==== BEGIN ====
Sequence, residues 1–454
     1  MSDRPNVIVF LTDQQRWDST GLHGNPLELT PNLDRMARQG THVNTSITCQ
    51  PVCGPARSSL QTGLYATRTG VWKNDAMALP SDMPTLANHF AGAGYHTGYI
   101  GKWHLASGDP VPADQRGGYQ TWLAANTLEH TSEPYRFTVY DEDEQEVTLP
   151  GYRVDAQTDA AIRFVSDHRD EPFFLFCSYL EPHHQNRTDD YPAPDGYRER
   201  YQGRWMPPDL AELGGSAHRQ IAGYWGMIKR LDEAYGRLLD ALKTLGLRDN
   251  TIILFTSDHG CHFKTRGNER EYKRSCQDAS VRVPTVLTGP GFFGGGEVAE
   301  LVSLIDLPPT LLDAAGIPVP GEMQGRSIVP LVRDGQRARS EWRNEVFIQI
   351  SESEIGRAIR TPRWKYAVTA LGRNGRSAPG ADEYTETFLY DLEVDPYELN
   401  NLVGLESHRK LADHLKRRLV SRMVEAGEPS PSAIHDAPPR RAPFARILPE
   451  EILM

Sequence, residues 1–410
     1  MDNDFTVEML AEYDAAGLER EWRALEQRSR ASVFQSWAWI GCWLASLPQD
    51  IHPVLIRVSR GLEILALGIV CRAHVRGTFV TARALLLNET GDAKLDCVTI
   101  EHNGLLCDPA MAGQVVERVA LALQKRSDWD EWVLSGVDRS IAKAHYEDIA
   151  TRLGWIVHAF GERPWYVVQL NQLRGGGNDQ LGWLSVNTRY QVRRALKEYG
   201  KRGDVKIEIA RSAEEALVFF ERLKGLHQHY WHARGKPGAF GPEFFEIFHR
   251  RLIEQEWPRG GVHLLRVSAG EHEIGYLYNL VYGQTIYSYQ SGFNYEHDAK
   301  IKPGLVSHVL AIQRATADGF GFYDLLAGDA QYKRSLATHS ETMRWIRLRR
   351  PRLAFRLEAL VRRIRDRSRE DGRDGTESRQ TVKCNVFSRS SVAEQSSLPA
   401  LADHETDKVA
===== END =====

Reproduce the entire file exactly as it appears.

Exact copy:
Sequence, residues 1–454
     1  MSDRPNVIVF LTDQQRWDST GLHGNPLELT PNLDRMARQG THVNTSITCQ
    51  PVCGPARSSL QTGLYATRTG VWKNDAMALP SDMPTLANHF AGAGYHTGYI
   101  GKWHLASGDP VPADQRGGYQ TWLAANTLEH TSEPYRFTVY DEDEQEVTLP
   151  GYRVDAQTDA AIRFVSDHRD EPFFLFCSYL EPHHQNRTDD YPAPDGYRER
   201  YQGRWMPPDL AELGGSAHRQ IAGYWGMIKR LDEAYGRLLD ALKTLGLRDN
   251  TIILFTSDHG CHFKTRGNER EYKRSCQDAS VRVPTVLTGP GFFGGGEVAE
   301  LVSLIDLPPT LLDAAGIPVP GEMQGRSIVP LVRDGQRARS EWRNEVFIQI
   351  SESEIGRAIR TPRWKYAVTA LGRNGRSAPG ADEYTETFLY DLEVDPYELN
   401  NLVGLESHRK LADHLKRRLV SRMVEAGEPS PSAIHDAPPR RAPFARILPE
   451  EILM

Sequence, residues 1–410
     1  MDNDFTVEML AEYDAAGLER EWRALEQRSR ASVFQSWAWI GCWLASLPQD
    51  IHPVLIRVSR GLEILALGIV CRAHVRGTFV TARALLLNET GDAKLDCVTI
   101  EHNGLLCDPA MAGQVVERVA LALQKRSDWD EWVLSGVDRS IAKAHYEDIA
   151  TRLGWIVHAF GERPWYVVQL NQLRGGGNDQ LGWLSVNTRY QVRRALKEYG
   201  KRGDVKIEIA RSAEEALVFF ERLKGLHQHY WHARGKPGAF GPEFFEIFHR
   251  RLIEQEWPRG GVHLLRVSAG EHEIGYLYNL VYGQTIYSYQ SGFNYEHDAK
   301  IKPGLVSHVL AIQRATADGF GFYDLLAGDA QYKRSLATHS ETMRWIRLRR
   351  PRLAFRLEAL VRRIRDRSRE DGRDGTESRQ TVKCNVFSRS SVAEQSSLPA
   401  LADHETDKVA